Likewise, today’s organizations must also be prepared for cyberattacks using their business continuity processes and tooling. Having proper system backups is essential when dealing with a cyberattack. These backups must be maintained and tested regularly to ensure their ability to restore operations. Organizations should also test any alternative communication mediums if the primary network is compromised or unavailable. IBM Security X-Force Incident Response recommends organizations establish secondary communications using the P.A.C.E. model (Primary, Alternative, Contingency, and Emergency). The same can easily apply to having extra staff on call, and any other aspect of the business that requires a fallback.
Where Do I Start? Have a Plan
Step one in preparing for a natural disaster is to have a plan, this is where business continuity and disaster recovery plans come in handy. These plans help businesses prepare for the worst and help develop processes and procedures to effectively respond to any event including natural, man-made, and cyber crises. During cyber events, it is also important to have plans. Organizations should have incident response plans for technical response and cyber crisis management plans for a whole-of-business response along with accompanying playbooks. These plans can help organizations like yours respond and minimize its impact.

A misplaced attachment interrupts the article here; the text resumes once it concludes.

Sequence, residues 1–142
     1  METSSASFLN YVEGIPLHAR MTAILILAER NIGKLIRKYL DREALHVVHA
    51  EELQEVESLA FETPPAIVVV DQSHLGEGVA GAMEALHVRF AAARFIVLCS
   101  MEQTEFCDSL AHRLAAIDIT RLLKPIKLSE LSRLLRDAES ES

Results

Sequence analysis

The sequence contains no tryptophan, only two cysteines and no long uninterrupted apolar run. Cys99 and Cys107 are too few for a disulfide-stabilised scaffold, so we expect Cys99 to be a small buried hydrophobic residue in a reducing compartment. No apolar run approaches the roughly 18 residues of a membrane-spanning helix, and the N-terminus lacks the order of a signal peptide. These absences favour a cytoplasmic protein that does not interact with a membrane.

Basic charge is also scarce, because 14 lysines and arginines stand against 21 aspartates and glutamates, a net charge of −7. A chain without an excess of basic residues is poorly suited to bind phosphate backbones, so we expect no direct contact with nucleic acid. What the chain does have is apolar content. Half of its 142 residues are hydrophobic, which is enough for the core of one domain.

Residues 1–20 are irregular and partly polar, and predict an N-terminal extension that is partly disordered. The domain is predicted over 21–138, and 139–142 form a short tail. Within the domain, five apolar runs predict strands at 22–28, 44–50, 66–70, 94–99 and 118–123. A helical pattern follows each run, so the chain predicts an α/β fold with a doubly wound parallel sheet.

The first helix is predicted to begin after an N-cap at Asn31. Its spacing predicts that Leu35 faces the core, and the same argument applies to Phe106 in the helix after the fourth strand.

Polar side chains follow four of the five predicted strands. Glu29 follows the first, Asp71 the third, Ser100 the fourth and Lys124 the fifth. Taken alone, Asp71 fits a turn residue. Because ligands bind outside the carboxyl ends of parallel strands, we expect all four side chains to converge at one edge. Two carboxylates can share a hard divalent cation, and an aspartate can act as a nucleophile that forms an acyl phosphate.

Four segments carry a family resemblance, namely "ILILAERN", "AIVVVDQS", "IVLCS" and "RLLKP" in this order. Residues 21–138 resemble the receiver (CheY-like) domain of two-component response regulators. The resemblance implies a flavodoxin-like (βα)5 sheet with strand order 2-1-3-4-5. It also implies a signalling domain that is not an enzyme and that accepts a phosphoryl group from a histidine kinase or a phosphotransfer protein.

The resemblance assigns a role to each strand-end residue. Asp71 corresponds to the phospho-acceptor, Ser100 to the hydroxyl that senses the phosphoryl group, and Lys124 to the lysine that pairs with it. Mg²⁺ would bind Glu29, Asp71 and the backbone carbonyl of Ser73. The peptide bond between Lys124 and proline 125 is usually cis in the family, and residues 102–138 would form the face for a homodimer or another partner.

Test Your Plans
Hurricane season may only last 6 months out of a year, but preparation goes on year-round. As a member of the ESF-8, we were constantly participating in training exercises both statewide, as well as agency specific, to test our equipment, processes, and procedures.